at least one protective region for the transmission path, wherein the protective region comprises a radiation-cured composition which exhibits a non-yellowing, delta E value of less than about 12 after four weeks of aging at 125° C.
The present invention also provides a radiation-curable composition comprising the following pre-mixture ingredients before radiation cure:
(A) about 20 wt. % to about 80 wt. % of at least one urethane (meth)acrylate oligomer comprising (i) at least one polyether oligomer backbone, (ii) at least one aliphatic urethane linking group, and (iii) at least one endcapping radiation-curable group;
(B) about 20 wt. % to about 80 wt. % of at least one monomer diluent for the oligomer,
(C) optionally, an effective amount of at least one photoinitiator, wherein the glass transition temperature of the composition, after radiation cure, is greater than about 5° C., and
wherein the composition, after radiation cure, is substantially non-yellowing. The cured compositions also advantageously exhibit good cure speed, oxidative stability, and tough film properties.
The present invention also provides a radiation-curable composition comprising a mixture of the following pre-mixture ingredients before radiation cure:
(A) about 5 wt. % to about 50 wt. % of at least one fatty oil derivative comprising (meth)acrylate groups,
(B) about 20 wt. % to about 90 wt. % of at least one bisphenol A derivative comprising (meth)acrylate groups,
(C) optionally, an effective amount of at least one photoinitiator,
wherein the glass transition temperature of the composition, after radiation cure, is greater than about 50° C., and
wherein the composition, after radiation cure, is substantially non-yellowing. In this embodiment, additional advantages include very low water sensitivity which is expected to enhance optical fiber strength retention.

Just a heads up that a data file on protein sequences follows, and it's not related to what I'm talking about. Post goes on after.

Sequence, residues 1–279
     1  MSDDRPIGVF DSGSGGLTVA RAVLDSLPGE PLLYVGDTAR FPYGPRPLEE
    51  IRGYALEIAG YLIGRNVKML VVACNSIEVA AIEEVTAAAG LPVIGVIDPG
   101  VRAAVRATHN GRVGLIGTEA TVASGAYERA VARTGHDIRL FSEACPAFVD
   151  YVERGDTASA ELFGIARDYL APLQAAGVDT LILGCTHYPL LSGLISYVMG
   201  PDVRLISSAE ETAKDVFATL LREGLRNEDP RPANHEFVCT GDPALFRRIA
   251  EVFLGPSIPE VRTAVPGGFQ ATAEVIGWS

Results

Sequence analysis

These embodiments provide useful protective coating materials for optical fibers. If the compositions are properly formulated to have the required properties (e.g., modulus), they can serve as outer primary coating materials, matrix materials, and other types of radiation-curable materials needed in optical fiber technology.
FIG. 1 illustrates a comparison of the substantially non-yellowing behavior of a cured coating according to the present invention against that of a prior art optical fiber coating.
After their cure, the compositions of the present invention surprisingly exhibit substantial non-yellowing behavior which is believed superior to that of prior art coatings. Non-yellowing is achieved by a pre-selection of ingredients which is believed to avoid formation of extended conjugation upon aging. Yellow materials in general are characterized by extended conjugation which causes strong absorption in the UV-visible region of the electromagnetic spectrum. The result is reflection of electromagnetic wavelengths associated with the color yellow. In the past, such groups as aromatic groups and nitrogen-containing materials like vinyl lactams have been thought to induce yellowing. A concept of this invention is to allow use of aromatic and nitrogen-containing materials (and the advantages they may give) without incurring the penalty of yellowing.
Without being limited by theory, the approach taken here is to select materials which either (i) interrupt any extended conjugation which may form upon degradation and cause yellowing (e.g., use of bisphenol A epoxy acrylates rather than bisphenol F epoxy acrylates), or (ii) due to their inherent structure, they do not allow double bond formation in the critical regions (e.g., use of trishydroxy ethyl isocyanurate triacrylate rather than aromatic groups).